What Constitutes Cyberstalking?


computer and gavelWith the rise in technology use, the government is beginning to take notice of threats made online. Authorities now look closely at what individuals say on the internet and scrutinize alleged criminal activity. Cyberstalking is currently making headlines. With people posting many details of their personal lives on the internet, it can be difficult to determine what constitutes cyberstalking.

Cyberstalking refers to the act of using the internet, email, or social media to stalk or engage in illicit activity. Often, cyberstalking correlates with sexual connotations. Causing an individual to feel threatened or mentally distressed because of online sexual solicitations can qualify as cyberstalking. Ohio upholds cyberstalking laws known as “Menacing by Stalking.”

Ohio’s revised code 2903.211 establishes Menace by Stalking as,

(1) No person by engaging in a pattern of conduct shall knowingly cause another person to believe that the offender will cause physical harm to the other person or cause mental distress to the other person.
(2) No person, through the use of any electronic method of remotely transferring information, including, but not limited to, any computer, computer network, computer program, or computer system, shall post a message with purpose to urge or incite another to commit a violation of division (A)(1) of this section.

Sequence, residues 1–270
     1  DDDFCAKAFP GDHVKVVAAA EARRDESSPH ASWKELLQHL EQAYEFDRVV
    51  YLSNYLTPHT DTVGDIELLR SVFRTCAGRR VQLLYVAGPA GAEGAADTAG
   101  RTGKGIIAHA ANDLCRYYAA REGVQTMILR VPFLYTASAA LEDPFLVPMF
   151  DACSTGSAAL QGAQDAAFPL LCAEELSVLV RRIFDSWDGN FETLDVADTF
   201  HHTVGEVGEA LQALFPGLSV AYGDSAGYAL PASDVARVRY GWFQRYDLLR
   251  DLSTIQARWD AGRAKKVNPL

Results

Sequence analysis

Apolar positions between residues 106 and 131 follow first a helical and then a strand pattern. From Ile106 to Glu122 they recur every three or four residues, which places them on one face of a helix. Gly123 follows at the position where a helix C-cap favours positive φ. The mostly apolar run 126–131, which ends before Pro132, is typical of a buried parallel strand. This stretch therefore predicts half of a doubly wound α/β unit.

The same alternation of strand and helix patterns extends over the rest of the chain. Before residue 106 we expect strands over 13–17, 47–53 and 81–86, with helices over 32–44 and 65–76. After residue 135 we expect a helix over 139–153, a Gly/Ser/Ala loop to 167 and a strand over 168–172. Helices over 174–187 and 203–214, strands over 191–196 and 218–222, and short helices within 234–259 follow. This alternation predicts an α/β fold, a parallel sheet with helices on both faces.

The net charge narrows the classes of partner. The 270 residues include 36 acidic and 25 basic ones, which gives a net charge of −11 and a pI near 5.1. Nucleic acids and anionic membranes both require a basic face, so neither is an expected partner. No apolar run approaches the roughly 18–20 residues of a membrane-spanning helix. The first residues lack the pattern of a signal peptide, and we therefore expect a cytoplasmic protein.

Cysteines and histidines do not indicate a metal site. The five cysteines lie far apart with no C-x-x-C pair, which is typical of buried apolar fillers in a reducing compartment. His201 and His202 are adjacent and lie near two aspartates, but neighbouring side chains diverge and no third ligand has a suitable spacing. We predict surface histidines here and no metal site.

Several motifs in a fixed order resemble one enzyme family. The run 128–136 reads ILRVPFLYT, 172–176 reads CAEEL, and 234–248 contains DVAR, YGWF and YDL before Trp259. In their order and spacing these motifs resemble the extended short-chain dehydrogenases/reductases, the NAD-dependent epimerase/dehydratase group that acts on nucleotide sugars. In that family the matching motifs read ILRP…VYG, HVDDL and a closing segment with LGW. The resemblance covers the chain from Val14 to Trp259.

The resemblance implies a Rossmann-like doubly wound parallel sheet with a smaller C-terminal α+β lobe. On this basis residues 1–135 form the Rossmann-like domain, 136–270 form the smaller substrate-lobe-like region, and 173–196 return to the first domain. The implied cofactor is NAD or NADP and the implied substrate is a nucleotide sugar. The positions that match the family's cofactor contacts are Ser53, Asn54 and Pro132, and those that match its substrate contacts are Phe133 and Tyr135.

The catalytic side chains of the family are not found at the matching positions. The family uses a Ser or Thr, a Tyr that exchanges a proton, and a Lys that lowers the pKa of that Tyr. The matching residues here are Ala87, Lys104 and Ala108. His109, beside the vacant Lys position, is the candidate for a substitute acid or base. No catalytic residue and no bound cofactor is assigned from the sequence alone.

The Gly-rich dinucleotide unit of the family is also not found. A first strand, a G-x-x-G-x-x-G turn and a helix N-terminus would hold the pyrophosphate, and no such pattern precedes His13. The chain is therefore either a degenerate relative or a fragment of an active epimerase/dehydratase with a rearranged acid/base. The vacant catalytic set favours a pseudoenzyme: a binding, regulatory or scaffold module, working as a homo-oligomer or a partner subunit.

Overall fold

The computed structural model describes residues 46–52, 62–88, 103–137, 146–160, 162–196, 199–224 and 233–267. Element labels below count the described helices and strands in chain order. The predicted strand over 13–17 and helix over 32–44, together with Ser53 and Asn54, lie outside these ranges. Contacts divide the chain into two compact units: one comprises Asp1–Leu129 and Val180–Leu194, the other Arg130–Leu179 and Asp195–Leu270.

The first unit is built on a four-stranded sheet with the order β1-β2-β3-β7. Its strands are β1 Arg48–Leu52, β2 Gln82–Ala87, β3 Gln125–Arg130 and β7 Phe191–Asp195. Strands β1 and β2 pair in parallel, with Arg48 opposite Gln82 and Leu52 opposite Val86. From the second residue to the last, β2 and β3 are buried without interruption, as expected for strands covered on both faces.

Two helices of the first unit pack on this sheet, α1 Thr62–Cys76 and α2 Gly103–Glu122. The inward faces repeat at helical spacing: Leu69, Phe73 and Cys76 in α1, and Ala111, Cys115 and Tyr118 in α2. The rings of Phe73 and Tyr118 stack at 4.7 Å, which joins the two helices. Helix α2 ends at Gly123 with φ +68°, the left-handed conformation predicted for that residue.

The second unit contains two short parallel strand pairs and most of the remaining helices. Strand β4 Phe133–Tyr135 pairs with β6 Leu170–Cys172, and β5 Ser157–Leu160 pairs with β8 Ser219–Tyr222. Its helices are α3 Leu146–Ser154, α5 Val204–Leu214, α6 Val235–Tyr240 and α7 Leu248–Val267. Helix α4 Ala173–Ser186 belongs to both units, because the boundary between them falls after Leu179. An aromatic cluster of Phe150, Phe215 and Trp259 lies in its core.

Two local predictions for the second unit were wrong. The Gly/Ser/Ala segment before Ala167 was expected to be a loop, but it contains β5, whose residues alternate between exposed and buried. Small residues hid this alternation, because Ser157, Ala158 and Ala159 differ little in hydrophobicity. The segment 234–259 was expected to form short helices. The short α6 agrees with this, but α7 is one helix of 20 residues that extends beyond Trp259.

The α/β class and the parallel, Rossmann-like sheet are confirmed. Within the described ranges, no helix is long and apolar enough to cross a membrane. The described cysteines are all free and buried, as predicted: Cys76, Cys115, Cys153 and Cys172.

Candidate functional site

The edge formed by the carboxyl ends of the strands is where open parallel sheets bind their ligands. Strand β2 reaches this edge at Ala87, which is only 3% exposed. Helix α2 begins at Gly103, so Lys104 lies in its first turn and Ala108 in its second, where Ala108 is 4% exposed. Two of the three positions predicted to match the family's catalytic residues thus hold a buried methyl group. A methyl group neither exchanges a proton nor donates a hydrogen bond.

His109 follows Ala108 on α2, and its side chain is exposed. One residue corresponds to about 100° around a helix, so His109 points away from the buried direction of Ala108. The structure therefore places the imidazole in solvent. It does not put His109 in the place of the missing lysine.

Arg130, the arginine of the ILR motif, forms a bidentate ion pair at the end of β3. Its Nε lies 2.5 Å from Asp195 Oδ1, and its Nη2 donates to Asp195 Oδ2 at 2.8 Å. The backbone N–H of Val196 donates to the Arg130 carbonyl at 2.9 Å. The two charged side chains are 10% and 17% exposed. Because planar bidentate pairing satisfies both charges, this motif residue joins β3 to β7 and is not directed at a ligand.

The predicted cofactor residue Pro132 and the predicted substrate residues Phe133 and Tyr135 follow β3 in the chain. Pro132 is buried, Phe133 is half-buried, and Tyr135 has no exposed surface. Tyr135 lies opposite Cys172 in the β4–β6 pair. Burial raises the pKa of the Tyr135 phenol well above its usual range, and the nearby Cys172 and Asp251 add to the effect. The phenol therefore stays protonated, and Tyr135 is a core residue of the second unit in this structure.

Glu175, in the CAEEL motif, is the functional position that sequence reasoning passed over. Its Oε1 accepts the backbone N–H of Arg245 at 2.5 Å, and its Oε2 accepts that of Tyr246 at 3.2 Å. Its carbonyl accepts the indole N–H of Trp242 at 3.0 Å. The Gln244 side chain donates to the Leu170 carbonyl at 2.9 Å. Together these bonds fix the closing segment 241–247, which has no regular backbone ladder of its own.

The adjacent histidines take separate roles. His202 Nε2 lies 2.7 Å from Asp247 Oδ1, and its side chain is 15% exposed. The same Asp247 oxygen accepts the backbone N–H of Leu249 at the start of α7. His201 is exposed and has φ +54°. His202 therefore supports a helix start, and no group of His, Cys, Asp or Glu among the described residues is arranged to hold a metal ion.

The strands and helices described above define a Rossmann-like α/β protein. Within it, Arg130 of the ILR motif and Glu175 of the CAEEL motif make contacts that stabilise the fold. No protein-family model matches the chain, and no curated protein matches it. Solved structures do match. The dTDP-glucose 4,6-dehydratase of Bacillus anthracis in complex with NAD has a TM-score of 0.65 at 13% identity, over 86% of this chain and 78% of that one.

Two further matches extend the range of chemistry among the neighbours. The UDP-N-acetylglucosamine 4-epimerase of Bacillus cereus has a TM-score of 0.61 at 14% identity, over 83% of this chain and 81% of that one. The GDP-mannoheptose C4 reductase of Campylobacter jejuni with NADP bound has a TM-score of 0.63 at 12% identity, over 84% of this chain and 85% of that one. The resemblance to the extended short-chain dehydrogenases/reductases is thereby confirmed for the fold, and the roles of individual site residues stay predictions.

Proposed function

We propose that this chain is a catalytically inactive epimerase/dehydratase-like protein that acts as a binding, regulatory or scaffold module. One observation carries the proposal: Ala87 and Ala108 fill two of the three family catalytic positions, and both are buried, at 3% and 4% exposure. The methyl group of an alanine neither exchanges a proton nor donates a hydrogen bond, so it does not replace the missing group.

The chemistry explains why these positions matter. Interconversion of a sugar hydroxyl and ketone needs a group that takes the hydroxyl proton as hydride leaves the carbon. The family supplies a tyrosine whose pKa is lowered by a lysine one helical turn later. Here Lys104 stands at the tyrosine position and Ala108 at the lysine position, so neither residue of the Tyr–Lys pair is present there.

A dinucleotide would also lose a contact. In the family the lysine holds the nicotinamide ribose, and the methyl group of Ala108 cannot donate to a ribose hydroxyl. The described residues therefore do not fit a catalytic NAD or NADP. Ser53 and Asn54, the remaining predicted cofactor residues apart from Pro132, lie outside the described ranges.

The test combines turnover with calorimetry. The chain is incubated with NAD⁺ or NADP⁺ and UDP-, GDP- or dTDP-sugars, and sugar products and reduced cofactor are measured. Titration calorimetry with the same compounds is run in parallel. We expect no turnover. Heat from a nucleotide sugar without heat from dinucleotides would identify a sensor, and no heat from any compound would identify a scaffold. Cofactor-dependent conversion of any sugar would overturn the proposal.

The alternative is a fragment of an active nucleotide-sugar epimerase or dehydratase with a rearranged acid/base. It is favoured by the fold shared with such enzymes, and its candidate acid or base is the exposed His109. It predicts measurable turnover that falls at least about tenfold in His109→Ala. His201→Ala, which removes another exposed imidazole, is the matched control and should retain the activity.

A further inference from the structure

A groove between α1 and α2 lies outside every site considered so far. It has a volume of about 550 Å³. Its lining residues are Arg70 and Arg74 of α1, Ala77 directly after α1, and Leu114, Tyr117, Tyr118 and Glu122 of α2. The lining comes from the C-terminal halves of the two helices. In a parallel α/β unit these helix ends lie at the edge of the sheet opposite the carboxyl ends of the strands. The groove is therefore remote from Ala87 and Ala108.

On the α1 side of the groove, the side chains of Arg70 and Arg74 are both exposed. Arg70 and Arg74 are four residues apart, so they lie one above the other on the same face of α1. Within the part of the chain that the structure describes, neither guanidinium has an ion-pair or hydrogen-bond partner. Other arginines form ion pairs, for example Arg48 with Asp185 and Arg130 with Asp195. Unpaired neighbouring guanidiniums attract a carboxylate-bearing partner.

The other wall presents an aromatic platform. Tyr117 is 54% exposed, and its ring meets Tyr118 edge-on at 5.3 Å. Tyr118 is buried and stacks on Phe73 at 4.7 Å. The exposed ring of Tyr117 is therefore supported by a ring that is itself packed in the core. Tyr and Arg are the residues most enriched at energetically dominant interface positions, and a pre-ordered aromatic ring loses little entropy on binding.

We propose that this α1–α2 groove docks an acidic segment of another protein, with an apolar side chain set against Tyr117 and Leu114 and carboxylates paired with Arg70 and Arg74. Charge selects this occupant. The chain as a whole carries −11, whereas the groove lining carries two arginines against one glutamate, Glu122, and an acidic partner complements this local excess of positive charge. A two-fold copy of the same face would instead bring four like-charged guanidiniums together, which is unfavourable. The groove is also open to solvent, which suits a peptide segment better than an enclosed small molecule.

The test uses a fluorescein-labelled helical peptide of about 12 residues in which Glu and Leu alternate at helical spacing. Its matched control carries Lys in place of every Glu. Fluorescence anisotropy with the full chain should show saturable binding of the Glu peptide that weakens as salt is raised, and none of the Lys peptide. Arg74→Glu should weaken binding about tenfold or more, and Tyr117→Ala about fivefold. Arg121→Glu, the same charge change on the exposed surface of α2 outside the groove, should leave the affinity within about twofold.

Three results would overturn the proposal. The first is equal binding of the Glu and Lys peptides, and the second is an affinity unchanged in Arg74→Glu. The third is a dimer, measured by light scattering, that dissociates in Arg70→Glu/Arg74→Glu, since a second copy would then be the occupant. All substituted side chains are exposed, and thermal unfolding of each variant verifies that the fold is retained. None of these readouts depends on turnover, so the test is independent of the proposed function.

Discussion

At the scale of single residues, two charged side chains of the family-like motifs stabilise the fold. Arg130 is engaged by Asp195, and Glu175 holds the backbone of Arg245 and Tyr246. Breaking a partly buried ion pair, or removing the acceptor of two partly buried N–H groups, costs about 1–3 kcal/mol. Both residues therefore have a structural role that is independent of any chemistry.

(3) No person, with a sexual motivation, shall violate division (A)(1) or (2) of this section.

Consequences of Cyberstalking

In Ohio, the Cyber Crimes Unit of the Bureau of Criminal Investigation examine cyberstalking cases. If convicted, most accused individuals face a first degree misdemeanor. This can mean up to 6 months in jail and up to a $1,000 fine.

However, certain circumstances can classify a cyberstalking charge as a fourth degree felony. These circumstances include:

  • The accused made a direct threat of physical harm
  • The accused trespassed
  • The accused has multiple cyberstalking charges
  • The alleged victim was under 18 years of age
  • The accused has a protection order filed against them at the time
  • The accused as a history of violence
  • The accused had a deadly weapon
  • The alleged victim or their property suffered physical harm

Cyberstalking charges are serious. If you were accused of the act, you need to seek legal counsel immediately. At Koffel Brininger Nesbitt, we believe you deserve due process of the law. You are innocent until proven guilty. Contact us today to schedule a consultation.

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